• The Ethernet LAN segment might be down-a condition often referred to as a "media problem." (The shared medium is apparently not working.)

  • The network interface module on the gateway router might be faulty.

If the host checks out okay, the troubleshooter must move outward. As mentioned, the investigation should start with the link to the gateway router.

Extended Ping As useful and utilitarian as the ping command is for troubleshooting, it does have its limits. When using ping, the source address of the ping is the IP address of the interface that the packet uses as it exits the router. If you need more precision out of your ping, you can upgrade to the extended ping command.

Extended ping performs a more advanced check of your system's ability to reach a particular host. This command works only at the privileged EXEC command line, whereas a regular ping command works in both user EXEC and privileged EXEC modes.

Usage of extended ping on Cisco routers is fairly straightforward. Simply enter ping at the command prompt, and then press Enter. You will be prompted with a number of conditions and variables. The default setting is enclosed in brackets. If you like the default, simply press Enter; otherwise, enter your preferred setting.

The following shows an example of an extended ping at work:

 Router<>ping Protocol [ip]: Target IP address: Repeat count [5]: 100 Datagram size [100]: Timeout in seconds [2]: Extended commands [n]: Sending 100, 100-byte ICMP Echos to, timeout is 2 seconds: !!!!!!!!!!!!!!!!!!!!!!!!!!!!!!!!!!!!!!!!!!!!!!!!!!!!!!!!!!!!!!!!!!!!!! !!!!!!!!!!!!!!!!!!!!!!!!!!!!!! Success rate is 100 percent (100/100), round-trip min/avg/max = 12/19/280 ms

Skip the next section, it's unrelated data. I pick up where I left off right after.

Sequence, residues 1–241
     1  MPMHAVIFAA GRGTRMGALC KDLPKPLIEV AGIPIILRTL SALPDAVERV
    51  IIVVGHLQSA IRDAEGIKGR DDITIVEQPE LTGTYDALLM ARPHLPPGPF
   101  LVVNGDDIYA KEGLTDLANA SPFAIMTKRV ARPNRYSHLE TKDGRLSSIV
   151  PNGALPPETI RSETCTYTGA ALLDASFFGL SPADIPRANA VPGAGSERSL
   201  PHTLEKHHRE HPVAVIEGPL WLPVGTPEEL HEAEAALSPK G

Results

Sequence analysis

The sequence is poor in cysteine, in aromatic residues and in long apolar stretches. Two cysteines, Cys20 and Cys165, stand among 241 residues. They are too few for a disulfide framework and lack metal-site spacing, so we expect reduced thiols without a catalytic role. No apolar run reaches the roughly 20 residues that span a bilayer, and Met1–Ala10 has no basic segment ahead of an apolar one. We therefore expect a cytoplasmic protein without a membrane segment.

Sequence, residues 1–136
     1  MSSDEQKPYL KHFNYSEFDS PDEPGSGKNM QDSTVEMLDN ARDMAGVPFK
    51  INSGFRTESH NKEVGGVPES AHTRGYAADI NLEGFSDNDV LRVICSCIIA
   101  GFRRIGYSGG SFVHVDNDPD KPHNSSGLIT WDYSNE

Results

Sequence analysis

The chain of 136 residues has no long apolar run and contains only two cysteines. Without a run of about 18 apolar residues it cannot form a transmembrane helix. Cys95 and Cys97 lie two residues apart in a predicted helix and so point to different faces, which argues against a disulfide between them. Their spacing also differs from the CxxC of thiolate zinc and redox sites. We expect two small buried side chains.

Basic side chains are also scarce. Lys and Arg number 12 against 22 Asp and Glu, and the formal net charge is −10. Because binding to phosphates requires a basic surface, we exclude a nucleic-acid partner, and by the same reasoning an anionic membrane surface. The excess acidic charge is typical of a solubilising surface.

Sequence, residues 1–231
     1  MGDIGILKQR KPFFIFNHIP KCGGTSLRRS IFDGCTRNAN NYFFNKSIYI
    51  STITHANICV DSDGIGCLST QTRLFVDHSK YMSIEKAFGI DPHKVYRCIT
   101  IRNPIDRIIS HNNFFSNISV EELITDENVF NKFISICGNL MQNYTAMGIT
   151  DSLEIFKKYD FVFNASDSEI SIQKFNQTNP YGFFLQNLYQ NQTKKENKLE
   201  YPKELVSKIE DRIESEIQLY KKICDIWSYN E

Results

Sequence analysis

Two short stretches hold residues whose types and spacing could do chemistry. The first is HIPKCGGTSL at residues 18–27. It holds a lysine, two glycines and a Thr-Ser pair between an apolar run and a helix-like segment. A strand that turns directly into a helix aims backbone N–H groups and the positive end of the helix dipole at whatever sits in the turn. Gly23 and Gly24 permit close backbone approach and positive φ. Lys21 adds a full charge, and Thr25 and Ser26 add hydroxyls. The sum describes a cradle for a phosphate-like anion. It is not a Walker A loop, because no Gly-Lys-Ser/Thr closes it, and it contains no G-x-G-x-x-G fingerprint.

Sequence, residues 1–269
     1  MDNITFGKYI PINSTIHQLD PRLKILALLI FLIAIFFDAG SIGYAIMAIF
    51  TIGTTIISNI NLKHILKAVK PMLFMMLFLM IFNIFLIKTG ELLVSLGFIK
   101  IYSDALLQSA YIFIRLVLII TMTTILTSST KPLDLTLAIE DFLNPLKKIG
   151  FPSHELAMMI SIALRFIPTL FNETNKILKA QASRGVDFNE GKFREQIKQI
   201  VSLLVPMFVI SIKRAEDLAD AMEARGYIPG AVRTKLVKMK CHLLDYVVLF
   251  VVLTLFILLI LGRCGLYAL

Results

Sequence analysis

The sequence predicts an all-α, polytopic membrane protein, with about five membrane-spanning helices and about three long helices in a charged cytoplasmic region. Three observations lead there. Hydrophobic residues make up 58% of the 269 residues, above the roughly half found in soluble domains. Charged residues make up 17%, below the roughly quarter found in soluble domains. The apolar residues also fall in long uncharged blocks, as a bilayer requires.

The ping command also exists in its own form in Windows and UNIX/LINUX environments. Simply add the switches–s (UNIX/LINUX) or –t (Windows) after the ping command.

Using the show interfaces Command To check whether the problem is the gateway router's interface or the LAN segment's medium, log into the gateway router, and enter the show interfaces command to obtain the following report:

 MyRouter# show interfaces Ethernet1 is up, line protocol is down   Hardware is MyRouter, address is 0060.2fa3.fabd (bia 0060.2fa3.fabd)   Internet address is . . . 

In the preceding example, the router reports both that the Ethernet1 network interface module is up and the line protocol is down. The term line protocol denotes both the cable into the router and the LAN protocol running over it. A line protocol reported as down probably indicates that the LAN segment's shared medium-a hub, an access switch, or a cable-is faulty. From there, you would physically check the medium to identify the hardware problem. (How to do that is covered later in this chapter in the section "Troubleshooting Cisco Hardware.")

Another potential condition could be that a network administrator has turned off the interface or the line, or both. This is routinely done while a piece of equipment is being repaired, upgraded, or replaced. Notifying IOS that a piece of equipment is down for maintenance avoids having needless error messages generated by the router. The following example shows the report when a network interface module is administratively down:

 MyRouter# show interfaces Ethernet1 is administratively down, line protocol is down   Hardware is MyRouter, address is 0060.2fa3.fabd (bia 0060.2fa3.fabd)   Internet address is . . .